To listen to the Bedrosian Book Club discussion of City of Inmates click the arrow in the player on this post. Or you can download it and subscribe through ApplePodcastsSoundcloudGoogle PlayStitcher or your favorite podcasting app!

Bonus episode: Lolly Willowes

Lolly Willowes: or, the loving huntsman is the deceptively simple novel by Sylvia Townsend Warner, about a woman who after 40 years spent in devotion to taking care of her father, and her brother’s family, decides to move to the countryside and become a witch! Does she find freedom, or does she exchange one form of subjugation for another?

If you haven’t read the novel yet, beware – we assume you’ve read it, so here’s your spoiler alert!

Featuring Aubrey Hicks (@AubreyHi), Lisa Schweitzer (@drschweitzer), and David Sloane (@dcsloane53 )

@BedrosianCenter

To listen to the Bedrosian Book Club discussion of Lolly Willowes click the arrow in the player on this post. Or you can download it and subscribe through ApplePodcastsSoundcloudGoogle Play, Stitcher or your favorite podcasting app!

The Fact of a Body

The Fact of a Body by Alexandria Marzano-Lesnevich is a true crime memoir. After encountering the child murderer Ricky Langley, Alexandria’s desire to work as a lawyer to fight against the death penalty is up-ended. She spends several years investigating Ricky’s story as a way to confront the story of her own child abuse. This is a deeply moving book, and a relatively easy read given the morose topic – a testament to the author’s skill.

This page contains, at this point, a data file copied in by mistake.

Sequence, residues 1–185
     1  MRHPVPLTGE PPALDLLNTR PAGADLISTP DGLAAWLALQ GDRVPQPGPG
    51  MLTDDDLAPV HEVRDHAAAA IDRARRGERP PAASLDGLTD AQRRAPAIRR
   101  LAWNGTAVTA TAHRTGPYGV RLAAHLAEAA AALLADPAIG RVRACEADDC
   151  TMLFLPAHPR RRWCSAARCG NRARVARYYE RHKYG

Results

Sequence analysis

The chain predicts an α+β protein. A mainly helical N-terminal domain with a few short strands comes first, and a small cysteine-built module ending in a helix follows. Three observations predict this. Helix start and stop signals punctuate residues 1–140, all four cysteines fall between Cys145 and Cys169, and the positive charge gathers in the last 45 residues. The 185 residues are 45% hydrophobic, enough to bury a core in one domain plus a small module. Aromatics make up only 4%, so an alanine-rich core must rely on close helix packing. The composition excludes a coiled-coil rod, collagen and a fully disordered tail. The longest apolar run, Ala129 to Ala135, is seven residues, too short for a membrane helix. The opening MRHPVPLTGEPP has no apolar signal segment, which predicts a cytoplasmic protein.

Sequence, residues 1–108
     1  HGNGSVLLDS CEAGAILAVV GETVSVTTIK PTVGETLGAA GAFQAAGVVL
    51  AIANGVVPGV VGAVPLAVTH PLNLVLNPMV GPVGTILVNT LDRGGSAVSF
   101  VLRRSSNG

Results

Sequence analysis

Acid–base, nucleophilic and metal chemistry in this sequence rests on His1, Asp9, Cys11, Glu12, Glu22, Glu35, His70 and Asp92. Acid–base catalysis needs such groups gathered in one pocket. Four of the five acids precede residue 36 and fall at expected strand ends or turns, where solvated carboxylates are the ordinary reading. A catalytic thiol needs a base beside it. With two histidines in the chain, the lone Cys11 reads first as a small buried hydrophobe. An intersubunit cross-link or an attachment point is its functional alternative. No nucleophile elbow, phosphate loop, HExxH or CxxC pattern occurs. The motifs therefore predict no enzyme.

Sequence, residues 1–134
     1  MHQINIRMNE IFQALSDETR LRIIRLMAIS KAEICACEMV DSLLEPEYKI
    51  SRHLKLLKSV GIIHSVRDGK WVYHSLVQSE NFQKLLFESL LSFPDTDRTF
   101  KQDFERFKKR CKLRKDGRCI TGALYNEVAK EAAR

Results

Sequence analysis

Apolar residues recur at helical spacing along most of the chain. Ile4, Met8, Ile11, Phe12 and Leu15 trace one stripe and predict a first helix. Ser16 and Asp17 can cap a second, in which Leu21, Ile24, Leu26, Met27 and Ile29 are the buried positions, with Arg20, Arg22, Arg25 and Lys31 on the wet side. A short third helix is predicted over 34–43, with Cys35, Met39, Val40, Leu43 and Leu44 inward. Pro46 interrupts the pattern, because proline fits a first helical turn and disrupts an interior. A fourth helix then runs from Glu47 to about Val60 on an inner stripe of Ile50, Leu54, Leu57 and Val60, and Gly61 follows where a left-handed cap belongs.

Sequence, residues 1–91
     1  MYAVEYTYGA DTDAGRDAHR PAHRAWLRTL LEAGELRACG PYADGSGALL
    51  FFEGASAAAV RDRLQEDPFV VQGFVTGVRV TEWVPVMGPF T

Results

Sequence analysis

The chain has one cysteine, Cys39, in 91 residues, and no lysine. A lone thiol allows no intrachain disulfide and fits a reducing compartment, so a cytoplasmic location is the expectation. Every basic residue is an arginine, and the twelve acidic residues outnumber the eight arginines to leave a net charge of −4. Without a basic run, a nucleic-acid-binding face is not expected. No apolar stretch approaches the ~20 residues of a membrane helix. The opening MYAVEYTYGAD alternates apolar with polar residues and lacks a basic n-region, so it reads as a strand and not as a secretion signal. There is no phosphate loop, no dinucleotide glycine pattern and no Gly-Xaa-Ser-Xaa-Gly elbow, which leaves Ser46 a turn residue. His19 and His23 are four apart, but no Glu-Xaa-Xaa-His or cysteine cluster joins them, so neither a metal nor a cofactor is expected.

Our conversation ranges from the effects of trauma on individuals and communities to the genre itself. If you haven’t read it yet, beware that we assume you’ve read it, spoiler alert!

Featuring Jeffery A. Jenkins (@jaj7d ‏), Lisa Schweitzer (@drschweitzer), Brettany K. Shannon (@brettanyshannon), and Deborah Winters

Follow us on Twitter! @BedrosianCenter

Special thanks to Flatiron Books for sending us review copies!

To listen to the Bedrosian Book Club discussion of The Fact of a Body click the arrow in the player on this post. Or you can download it and subscribe through ApplePodcastsSoundcloud, or Google Play

White Tears

For our discussion of Hari Kunzru’s White Tears, we return to the question: can America overcome its sin of racism? Or will our collective inability to deal with the consequences of our actions win the day? If you have not read this novel, beware – this podcast it mostly spoilers! We dive into the themes Kunzru explores in this complex novel, relish the strong prose, and question the role of cultural memory and American identity.

To listen to the Bedrosian Book Club discussion of White Tears click the orange arrow in the Soundcloud player here -or you can download it and subscribe through ApplePodcastsSoundcloud, or Google Play

Featuring Ange-Marie Hancock Alfaro (@AngeMarieH), Aubrey Hicks (@AubreyHi), and David Sloane (@dcsloane53)

Tears We Cannot Stop

Can America overcome its sin of racism? If redemption of sin comes through repentance, can White America meet the demands necessary?

A discussion of Michael Eric Dyson’s Tears We Cannot Stop featuring Richard Flory, Richard Green, and Aubrey Hicks

To listen to the Bedrosian Book Club discussion of Tears We Cannot Stop click the orange arrow in the Soundcloud player here on this post. Or you can download it and subscribe through ApplePodcasts, Soundcloud, or Google Play